Date: Saturday, May 30, 2020
Session Name: Poster Session D: Kidney: Acute Cellular Rejection
Session Time: 3:15pm-4:00pm
Presentation Time: 3:30pm-4:00pm
*Purpose: To ascertain causes of allograft dysfunction, loss and death in a cohort of kidney transplant patients
*Methods: In this Retrospective cohort study, 943 patients who received isolated Kidney transplants between years 2013-17 were analyzed for the following transplant outcomes: 1. Death-censored allograft loss 2. Graft dysfunction 3. Death. Graft dysfunction was defined as eGFR persistently < 30 (More than 3 consecutive readings). Patients with dual organ transplant were excluded. Immunosuppression largely utilized Thymoglobulin induction followed by Tacrolimus and MMF maintenance with rapid steroid withdrawal.
*Results: Over 5 years of follow up, 80 of 943 (9%) patients died while 63 (7%) lost their graft and a further 38 (4%) suffered allograft dysfunction. Death- Although death was attributed largely to a combination of infection (29%), Cardiovascular (CV) disease (29%) and malignancy (12%), a significant proportion of patients who died from either CV disease (43%), infection (26%) or malignancy (20%) had prior biopsy proven T-Cell Mediated Rejection (TCMR) in 1st post-transplant year, thus highlighting the significance of early TCMR as a major contributing factor to mortality. Graft Loss– In this cohort TCMR (39%) was the most widespread factor contributing to allograft loss. While Infection (17%) and surgical causes (14%) were the next common associations with graft loss, donor related disease accounted for only 2% of all graft losses. 8% patients who lost the graft had Antibody Mediated Rejection (ABMR) as a direct contributing factor. Graft Dysfunction- Again TCMR (42%) was strongly associated with allograft dysfunction in our patient cohort. The other factors associated with Allograft Dysfunction included a) Infection (21%) b). Donor Related causes (11%) and c). Other Causes (15%). Surprisingly ABMR was only noted in 11% of patients with allograft decline. Rejection and Non-Adherence-Because TCMR was a common contributing factor to all the three hard outcomes in our study cohort, we examined the factors associated with TCMR. 40% of patients with TCMR were found to be non-adherent (defined by > 3 consecutive sub- therapeutic CNI levels, clinic no shows and poor compliance to regular lab draws) noncompliance. Importantly, patients who were non adherent were significantly younger (mean age 38 y vs 55 y; p=0.0001) and a greater proportion of them were of African American (47% vs 22%;p=0.055) compared to those who were adherent to therapy.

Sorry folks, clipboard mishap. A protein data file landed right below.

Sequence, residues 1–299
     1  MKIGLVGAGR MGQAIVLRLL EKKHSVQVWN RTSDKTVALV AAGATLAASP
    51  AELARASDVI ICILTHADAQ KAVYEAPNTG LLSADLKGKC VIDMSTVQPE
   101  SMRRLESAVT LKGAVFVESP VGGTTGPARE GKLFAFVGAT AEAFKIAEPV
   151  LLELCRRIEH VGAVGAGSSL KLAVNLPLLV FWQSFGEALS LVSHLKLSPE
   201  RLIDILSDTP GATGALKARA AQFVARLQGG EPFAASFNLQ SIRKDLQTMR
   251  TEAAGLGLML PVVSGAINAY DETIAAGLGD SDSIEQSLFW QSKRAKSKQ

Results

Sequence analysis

*Conclusions: While the causes of death, early allograft loss and dysfunction were diverse, TCMR was the most dominant contributor. Non-Adherence was strongly associated with TCMR and was more common in younger patients and those with African American ethnicity. Addressing non adherence in this cohort of patients early with novel interventions could be a key to optimizing patient outcomes in this high risk cohort.
To cite this abstract in AMA style:Kalra K, Munjal R, Cherukuri A, Mehta R, Puttarajappa C, Jorgensen D, Sood P, Wu C, Shah N, Hariharan S. Allograft Loss and Patient Death among Kidney Transplant Recipients; Is Therapy Non-Adherence the Underlying Perpetrator? [abstract]. Am J Transplant. 2020; 20 (suppl 3). https://atcmeetingabstracts.com/abstract/allograft-loss-and-patient-death-among-kidney-transplant-recipients-is-therapy-non-adherence-the-underlying-perpetrator/. Accessed March 7, 2021.
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